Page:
Kids with One Kidney Safe to Play Sports

Kidney injury risk low among high school varsity atheletes

/ Author:  / Reviewed by: Chris Galloway, M.D.

(RxWiki News) For the most part, high school sports are safe. Still, parents worry that their kids will get hurt. At least parents can rest assured that their children are unlikely to hurt their kidneys.

Kidney injuries are uncommon among high school varsity athletes. In fact, such injuries are so rare that even athletes with one healthy kidney should be allowed to play contact sports.

"Encourage kids to exercise."

There has been little research on kidney injuries among high school athletes. For this reason, doctors often advise young athletes with one kidney to avoid contact sports, such as football.

"Many people have restricted that activity in the past because of concern about the loss of the kidney, but we've been able to show that the risk is really extraordinarily small," says Victoria Norwood, MD, of the University of Virginia and one of the authors of the current study.

"Children with single kidneys - and it's important to note normal single kidneys - are really at exceedingly minimal risk from routine contact sports and therefore should be allowed to participate as they and their families desire," she says.

For their study, Dr. Norwood and colleagues looked at 23,600 injuries among high school varsity athletes. Of these injuries, only 18 were kidney injuries. None of the kidney injuries was too severe or required surgery.

Knee injuries (3,450), head/neck/spine injuries (2,069), and mild traumatic brain injuries (1,219) were more common than kidney injuries.

Dr. Norwood found that many doctors recommended that youth with one kidney not be allowed to play contact sports because there was no evidence to show that it was safe. At that point, she realized the need to study this topic.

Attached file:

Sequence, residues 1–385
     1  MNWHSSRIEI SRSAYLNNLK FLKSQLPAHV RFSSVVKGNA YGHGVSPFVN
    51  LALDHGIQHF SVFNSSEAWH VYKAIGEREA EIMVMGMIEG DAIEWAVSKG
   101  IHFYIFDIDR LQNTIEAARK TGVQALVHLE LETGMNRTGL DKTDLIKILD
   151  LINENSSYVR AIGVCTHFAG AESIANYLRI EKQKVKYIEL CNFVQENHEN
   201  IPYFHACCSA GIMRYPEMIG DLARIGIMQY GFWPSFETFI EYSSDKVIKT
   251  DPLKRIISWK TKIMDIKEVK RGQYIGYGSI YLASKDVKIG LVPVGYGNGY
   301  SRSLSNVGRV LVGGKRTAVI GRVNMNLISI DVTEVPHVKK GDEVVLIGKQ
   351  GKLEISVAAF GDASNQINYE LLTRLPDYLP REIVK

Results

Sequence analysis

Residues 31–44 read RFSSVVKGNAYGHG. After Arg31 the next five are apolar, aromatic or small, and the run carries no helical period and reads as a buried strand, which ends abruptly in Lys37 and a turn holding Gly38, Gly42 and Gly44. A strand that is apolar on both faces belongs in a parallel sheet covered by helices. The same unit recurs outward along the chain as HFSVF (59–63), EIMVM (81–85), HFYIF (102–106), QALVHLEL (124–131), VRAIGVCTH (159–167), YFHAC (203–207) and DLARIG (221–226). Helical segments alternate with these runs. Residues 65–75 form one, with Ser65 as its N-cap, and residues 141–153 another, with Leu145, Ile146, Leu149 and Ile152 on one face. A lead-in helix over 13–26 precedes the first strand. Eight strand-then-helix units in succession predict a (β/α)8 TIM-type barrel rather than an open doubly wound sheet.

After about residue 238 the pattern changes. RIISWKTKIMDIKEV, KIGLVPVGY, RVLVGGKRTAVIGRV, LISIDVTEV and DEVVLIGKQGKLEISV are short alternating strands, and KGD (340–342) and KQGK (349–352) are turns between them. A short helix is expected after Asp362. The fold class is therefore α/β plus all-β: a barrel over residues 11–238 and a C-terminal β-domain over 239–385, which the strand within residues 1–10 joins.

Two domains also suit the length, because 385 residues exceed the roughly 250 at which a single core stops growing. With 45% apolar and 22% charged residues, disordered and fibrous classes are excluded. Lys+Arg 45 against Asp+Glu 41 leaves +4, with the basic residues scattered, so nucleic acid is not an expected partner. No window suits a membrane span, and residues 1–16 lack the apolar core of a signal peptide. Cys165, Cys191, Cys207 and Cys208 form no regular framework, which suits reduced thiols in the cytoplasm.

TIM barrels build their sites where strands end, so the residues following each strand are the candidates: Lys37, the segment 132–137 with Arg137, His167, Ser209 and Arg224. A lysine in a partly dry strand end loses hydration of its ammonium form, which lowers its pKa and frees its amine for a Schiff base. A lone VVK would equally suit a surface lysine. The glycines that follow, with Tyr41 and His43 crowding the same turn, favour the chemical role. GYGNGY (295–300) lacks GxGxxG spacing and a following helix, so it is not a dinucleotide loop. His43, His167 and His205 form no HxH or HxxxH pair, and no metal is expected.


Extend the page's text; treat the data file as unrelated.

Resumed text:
"People were forced to make decisions over the years without any real evidence," Dr. Norwood says.

She notes that young athletes were kept off the football field while they were allowed to play other sports that pose a much greater risk to the kidneys.

"Football seems to cause the most concern for physicians, not realizing that they were not restricting downhill skiing, horseback riding or bicycling," she explains.

"Those activities are not intended as contact sports, but the truth of the matter is you do hit things in those activities, and when you do, the outcome can be quite catastrophic," she says.

According to Dr. Norwood, birth defects are the most common reason children have only one kidney.

The amount of force generated in high school sports is unlikely to be strong enough to cause severe kidney damage, she says.

The findings from this study may help doctors give more specific recommendations to young athletes with one kidney.

At the moment, the American Academy of Pediatrics believes that young athletes with one kidney should be allowed to play. However, the lack of evidence leaves doctors uneasy about letting these athletes play contact sports.

Dr. Norwood hopes that the results of the current study will help doctors feel more comfortable about encouraging youth with one kidney to play sports.

"In today's world, where kids get too little exercise anyway, we have an obesity epidemic," she says. "The last thing we need to do is discourage exercise of any type, unless there is real evidence behind that restriction."

The study's results are published in the journal Pediatrics

Reviewed by: 
Review Date: 
June 25, 2012
Last Updated:
November 27, 2012